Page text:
The shark finning issue is a little more difficult, but this is a practice that very few support, including me. That is if it is defined as cutting the fin off a live shark and throwing the meat away. That said there may well be issues from a trade perspective. What if there is a legal, sustainable shark fishery where the shark meat is consumed and the high-value fin is exported as part of that legal fishery? Canada has regulated and sustainable porbeagle and dogfish shark commercial fisheries that supply an export market and, if the meat is used, why shouldn’t the fisherman be able to sell that fin? In fact that fin could be the difference between a profitable day on the water and a financial loss. I do not know if fins are exported from Canada, but assuming that the shark meat is exported I would assume that the fin is as well. Canadian trappers, sealers, forestry workers, and farmers have all been victimized by these non-tariff barriers put in place by our ostensible trading partners, usually at the behest of activist groups in those countries. So if C-246 is narrowly-defined as pertaining to imported shark fins where we know the animal is treated in an inhumane manner than this section of the C-246 could be supported. But this measure must not set a trade precedent that could threaten Canadian natural resource industries. Keep in mind it is impoverished, low income rural communities that are the most affected by these non-tariff barriers.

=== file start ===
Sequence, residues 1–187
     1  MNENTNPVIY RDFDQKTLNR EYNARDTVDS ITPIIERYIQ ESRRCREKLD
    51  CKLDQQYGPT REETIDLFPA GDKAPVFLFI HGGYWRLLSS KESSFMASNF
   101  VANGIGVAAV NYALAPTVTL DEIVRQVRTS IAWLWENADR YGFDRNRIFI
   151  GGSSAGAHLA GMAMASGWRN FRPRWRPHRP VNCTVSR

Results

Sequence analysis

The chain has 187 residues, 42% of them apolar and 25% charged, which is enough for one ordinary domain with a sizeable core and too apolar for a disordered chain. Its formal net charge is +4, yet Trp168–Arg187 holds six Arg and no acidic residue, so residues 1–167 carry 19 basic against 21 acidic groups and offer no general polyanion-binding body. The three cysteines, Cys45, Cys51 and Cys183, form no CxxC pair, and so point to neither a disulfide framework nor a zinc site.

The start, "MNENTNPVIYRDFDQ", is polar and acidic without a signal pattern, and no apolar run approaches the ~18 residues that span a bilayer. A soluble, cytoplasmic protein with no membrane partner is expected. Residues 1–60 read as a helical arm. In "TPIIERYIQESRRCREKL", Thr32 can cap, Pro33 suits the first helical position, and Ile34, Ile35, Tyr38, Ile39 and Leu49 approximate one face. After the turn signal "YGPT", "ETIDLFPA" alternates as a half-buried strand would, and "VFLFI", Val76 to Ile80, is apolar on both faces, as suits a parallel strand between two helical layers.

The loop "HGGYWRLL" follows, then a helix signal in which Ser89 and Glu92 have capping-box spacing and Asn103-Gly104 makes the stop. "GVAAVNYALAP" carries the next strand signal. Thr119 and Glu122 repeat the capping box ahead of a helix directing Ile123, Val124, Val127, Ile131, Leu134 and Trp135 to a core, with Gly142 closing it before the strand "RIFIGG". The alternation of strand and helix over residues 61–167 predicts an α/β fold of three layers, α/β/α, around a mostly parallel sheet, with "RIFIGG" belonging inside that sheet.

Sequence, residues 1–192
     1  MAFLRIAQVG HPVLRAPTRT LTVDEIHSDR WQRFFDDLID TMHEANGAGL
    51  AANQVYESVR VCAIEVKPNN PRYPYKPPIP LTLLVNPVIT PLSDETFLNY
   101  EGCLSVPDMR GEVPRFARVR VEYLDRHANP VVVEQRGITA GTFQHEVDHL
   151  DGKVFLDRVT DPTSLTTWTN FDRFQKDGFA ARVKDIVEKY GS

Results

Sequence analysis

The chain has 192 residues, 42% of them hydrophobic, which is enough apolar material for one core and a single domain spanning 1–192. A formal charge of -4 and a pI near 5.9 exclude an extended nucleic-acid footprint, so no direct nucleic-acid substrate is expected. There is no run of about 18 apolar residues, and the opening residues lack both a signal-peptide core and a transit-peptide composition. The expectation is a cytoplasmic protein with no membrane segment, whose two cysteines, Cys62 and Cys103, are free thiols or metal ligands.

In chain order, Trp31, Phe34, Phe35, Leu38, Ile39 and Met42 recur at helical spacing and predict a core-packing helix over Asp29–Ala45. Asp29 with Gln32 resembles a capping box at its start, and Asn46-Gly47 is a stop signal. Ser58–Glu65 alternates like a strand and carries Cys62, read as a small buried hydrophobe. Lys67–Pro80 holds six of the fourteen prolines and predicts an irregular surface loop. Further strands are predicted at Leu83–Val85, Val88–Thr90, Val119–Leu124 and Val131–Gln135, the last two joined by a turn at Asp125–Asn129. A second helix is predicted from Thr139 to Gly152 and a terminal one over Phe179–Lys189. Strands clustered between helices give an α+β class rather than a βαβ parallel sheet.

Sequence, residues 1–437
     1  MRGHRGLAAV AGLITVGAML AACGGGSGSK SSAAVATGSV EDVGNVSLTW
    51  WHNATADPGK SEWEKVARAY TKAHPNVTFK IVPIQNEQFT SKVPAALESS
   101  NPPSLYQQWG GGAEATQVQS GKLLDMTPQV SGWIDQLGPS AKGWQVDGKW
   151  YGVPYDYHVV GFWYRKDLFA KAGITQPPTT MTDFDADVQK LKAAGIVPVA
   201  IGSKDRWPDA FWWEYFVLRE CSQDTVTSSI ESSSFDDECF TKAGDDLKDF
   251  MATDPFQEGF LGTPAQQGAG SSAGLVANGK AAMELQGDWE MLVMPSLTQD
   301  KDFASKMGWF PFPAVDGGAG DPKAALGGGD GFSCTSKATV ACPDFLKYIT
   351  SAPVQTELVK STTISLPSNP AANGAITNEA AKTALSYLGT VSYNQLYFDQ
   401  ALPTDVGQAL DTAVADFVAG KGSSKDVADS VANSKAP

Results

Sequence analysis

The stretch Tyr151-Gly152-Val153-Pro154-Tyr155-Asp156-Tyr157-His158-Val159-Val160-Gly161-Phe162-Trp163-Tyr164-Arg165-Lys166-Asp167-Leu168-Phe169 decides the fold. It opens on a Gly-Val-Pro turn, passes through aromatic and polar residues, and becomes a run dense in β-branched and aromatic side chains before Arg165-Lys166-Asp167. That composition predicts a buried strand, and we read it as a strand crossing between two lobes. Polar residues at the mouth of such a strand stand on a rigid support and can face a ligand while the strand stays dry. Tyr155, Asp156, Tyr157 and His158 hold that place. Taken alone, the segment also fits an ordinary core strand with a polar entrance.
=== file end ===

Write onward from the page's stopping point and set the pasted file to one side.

The animal cruelty sections of C-246 are without a doubt the most threatening to traditional use. Many of the posters are implying that Canada has no animal cruelty laws and C-246 remedies this. That “we,” meaning folks like me and the other traditional animal users groups, should meet the supporters of C-246 halfway and achieve that middle ground. Well, we are already at that middle ground under our current laws. Our current animal cruelty statutes are good, useful, and provide the authorities with all the necessary tools to stop wilful animal cruelty. Period. What animal activists do, and indeed all activists do, is plead that “if we could all come together we can achieve that middle ground.” But history tells us that once that “middle ground” has been achieved, the animal activists pick up the goalposts, move them down the field of the elimination of all animal use, plant them in the ground and say, “let’s start the game again.” Do you think I exaggerate? Well, the first protests about the seal hunt and fur trade were all about the “humaneness” of the hunt and trapping. But once there were veterinary-approved seal hunt and trapping standards in place, the game quickly changed to demanding the end to these activities. And the result was the further degradation of the economies of poor impoverished rural and remote communities. Well, I won’t play that game. The line in the sand is right here and right now. And I will go no further. That is unless we use dispassionate, objective, veterinary-approved and scientifically-proven methods to improve animal welfare. The “excited” comments by some posters (you know who you are) clearly illustrate where they want Canada to go and I will simply not accept their position. And I will continue to strongly oppose C-246.